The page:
5. Carrot Search
Carrot Search was nominated for the Top Tips for its clustering of results into topics (left hand side of the results screen) that enable you to filter and focus the search, as well as the visualisations of terms and concepts via the circles and “foam tree”. This is always a popular search tool with those who prefer visualisations rather than just text as a way of presenting and refining results. Click on the Circles and Foam Tree tabs at the top and to the left of the results.

6. Compound Interest
“Compound Interest is a site that aims to take a closer look at the chemical compounds we come across on a day-to-day basis. It also provides graphics for educational purposes, both for teacher and student use.” It is run by Andy Brunning, a chemistry teacher based in Cambridge.

Recent topics include:

The Chemistry of Camembert
Chemistry History: Teflon & Non-Stick Pans
The Chemistry of an Electric Guitar

7. Internet Archive: Wayback Machine
Want to see what was on a website a few years ago or trying to track down a document that seems to have vanished from the web? Try the Internet Archive. Enter the URL of the website or document and you should then see a calendar of the snapshots that are in the archive. Choose a date from the calendar to view the page. The archive does not have everything but it is worth a try. See also the UK National Archives of old government websites and pages at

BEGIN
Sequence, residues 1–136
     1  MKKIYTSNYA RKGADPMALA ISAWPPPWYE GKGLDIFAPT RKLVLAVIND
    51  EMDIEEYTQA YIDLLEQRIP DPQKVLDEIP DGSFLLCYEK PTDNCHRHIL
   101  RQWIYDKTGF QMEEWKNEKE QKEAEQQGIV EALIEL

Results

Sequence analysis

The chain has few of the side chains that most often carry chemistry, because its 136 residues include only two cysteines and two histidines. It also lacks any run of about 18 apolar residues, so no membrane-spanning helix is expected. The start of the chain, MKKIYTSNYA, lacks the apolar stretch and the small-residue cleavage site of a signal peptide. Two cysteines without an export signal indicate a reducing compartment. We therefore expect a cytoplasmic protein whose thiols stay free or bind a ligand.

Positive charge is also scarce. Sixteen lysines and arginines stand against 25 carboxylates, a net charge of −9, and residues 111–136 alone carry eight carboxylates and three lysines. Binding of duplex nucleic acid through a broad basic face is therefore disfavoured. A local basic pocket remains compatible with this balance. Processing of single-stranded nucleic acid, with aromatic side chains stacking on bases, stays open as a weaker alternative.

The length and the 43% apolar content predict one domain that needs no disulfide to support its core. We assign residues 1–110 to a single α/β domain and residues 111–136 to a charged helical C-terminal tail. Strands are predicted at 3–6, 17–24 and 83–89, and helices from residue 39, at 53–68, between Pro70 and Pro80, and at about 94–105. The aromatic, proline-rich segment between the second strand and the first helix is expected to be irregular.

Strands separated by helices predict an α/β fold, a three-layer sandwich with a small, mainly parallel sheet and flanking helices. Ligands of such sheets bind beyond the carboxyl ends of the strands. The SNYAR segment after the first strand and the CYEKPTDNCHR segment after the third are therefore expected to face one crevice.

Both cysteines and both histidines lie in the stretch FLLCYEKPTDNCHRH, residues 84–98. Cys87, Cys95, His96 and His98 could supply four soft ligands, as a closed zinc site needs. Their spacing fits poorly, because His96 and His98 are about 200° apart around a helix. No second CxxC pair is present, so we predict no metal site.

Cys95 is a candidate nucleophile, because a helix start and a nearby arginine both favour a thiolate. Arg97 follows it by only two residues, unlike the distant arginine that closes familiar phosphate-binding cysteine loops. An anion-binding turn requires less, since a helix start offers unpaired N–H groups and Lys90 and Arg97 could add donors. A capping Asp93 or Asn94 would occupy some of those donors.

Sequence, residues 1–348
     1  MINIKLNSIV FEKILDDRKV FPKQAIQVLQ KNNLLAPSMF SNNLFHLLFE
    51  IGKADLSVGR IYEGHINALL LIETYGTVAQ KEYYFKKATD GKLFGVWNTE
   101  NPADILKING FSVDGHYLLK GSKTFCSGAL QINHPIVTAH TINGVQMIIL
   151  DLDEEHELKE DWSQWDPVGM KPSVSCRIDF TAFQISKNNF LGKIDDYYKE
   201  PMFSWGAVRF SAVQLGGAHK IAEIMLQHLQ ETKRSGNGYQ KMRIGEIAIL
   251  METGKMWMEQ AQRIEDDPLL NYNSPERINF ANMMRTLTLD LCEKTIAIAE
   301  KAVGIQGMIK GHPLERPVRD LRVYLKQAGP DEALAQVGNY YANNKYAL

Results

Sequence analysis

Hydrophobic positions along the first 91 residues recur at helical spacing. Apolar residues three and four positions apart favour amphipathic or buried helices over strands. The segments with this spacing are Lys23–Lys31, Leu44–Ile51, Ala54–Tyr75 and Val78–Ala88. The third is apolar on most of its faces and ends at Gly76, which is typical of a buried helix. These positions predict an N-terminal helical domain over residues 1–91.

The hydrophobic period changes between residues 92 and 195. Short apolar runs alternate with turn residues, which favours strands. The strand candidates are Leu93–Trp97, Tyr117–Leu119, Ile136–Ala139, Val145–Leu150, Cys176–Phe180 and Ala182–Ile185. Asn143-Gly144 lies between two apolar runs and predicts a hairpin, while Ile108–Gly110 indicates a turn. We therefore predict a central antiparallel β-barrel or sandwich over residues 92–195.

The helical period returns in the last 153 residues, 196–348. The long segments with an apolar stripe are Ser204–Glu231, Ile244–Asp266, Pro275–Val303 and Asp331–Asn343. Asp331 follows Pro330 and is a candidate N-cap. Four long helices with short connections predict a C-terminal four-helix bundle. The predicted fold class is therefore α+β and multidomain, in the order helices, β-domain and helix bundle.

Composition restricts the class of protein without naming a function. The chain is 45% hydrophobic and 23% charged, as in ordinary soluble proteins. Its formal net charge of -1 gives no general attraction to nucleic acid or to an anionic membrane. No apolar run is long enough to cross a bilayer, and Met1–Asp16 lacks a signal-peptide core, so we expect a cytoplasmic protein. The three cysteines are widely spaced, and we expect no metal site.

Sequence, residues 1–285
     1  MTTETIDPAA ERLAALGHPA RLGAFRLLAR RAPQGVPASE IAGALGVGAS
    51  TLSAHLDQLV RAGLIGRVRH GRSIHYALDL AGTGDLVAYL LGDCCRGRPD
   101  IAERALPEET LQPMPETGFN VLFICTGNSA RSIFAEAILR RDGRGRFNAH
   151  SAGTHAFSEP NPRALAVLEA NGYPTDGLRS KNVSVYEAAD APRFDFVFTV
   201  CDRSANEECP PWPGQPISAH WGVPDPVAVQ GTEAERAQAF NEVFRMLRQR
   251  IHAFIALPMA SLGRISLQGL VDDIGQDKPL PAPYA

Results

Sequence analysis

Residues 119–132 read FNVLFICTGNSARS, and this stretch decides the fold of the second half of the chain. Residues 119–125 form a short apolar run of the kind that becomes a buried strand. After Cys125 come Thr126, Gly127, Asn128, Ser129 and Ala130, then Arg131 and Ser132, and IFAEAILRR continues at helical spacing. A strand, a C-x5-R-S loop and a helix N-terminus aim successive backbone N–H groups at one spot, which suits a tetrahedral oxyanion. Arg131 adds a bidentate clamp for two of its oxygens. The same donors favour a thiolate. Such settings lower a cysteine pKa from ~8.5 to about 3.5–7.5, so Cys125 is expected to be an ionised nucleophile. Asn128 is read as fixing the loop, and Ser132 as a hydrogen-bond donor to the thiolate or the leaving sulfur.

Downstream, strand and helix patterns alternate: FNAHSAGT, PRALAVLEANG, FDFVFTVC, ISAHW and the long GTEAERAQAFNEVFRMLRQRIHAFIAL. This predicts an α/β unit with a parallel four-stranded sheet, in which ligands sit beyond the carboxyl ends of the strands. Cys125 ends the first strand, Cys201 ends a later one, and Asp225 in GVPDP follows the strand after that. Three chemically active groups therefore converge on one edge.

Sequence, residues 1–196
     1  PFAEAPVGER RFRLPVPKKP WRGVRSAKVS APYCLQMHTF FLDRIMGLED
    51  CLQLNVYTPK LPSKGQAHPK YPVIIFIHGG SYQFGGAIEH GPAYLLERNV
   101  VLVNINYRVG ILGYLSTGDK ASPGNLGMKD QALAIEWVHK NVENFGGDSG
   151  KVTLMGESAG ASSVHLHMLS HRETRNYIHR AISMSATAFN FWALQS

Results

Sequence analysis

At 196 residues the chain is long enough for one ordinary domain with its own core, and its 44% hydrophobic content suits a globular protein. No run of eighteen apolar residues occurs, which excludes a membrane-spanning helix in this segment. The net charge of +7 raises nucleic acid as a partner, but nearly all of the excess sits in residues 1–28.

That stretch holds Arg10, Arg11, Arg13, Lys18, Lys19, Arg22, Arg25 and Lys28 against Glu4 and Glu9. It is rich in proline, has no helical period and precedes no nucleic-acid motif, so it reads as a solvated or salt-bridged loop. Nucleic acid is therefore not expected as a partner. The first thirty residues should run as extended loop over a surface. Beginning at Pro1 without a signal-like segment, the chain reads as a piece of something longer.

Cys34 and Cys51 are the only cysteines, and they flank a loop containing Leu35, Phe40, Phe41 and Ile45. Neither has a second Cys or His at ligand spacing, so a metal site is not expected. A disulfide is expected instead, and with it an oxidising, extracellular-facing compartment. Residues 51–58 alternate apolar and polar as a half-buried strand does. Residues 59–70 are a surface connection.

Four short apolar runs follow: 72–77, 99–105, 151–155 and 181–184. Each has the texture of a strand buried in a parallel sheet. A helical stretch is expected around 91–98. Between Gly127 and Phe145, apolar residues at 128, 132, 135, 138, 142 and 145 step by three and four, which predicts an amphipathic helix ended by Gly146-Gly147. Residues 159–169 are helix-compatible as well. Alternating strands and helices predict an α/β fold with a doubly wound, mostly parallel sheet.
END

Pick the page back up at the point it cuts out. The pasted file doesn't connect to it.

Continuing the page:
8. UK Parliament
Perfect for monitoring the progress of legislation through Parliament ( As well as following the progress of legislation you can view the documents associated with a Bill (explanatory notes, amendment papers, report stage procedures, select committee reports etc). RSS and email alerts are available for each Bill.

9. Tineye
Reverse image search tool for seeing where and when an image has been used. Either upload an image or enter an image URL. Sort the results by Best match (default), Most changed, Biggest image, Newest or Oldest. Browser plugins are available for Firefox, Chrome, Safari, IE and Opera.

10. Search for images by license
If you want to be sure that you are allowed to use an image for a project use a search tool that enables you to search by license. Bing has a license filter in its image search so that you need only view those that have the appropriate license. Run your search and use the drop down menu under License in the menu bar across the top of the results to apply a copyright filter.

Always go to the page hosting the image to check that the license does apply to the image you want and not to another one on the same page. (Google Images has a similar option).

Flickr Creative Commons ( describes what the different licenses allow you to do and enables you to search for photos with that license.

Other tools that have Creative Commons or public domain images include: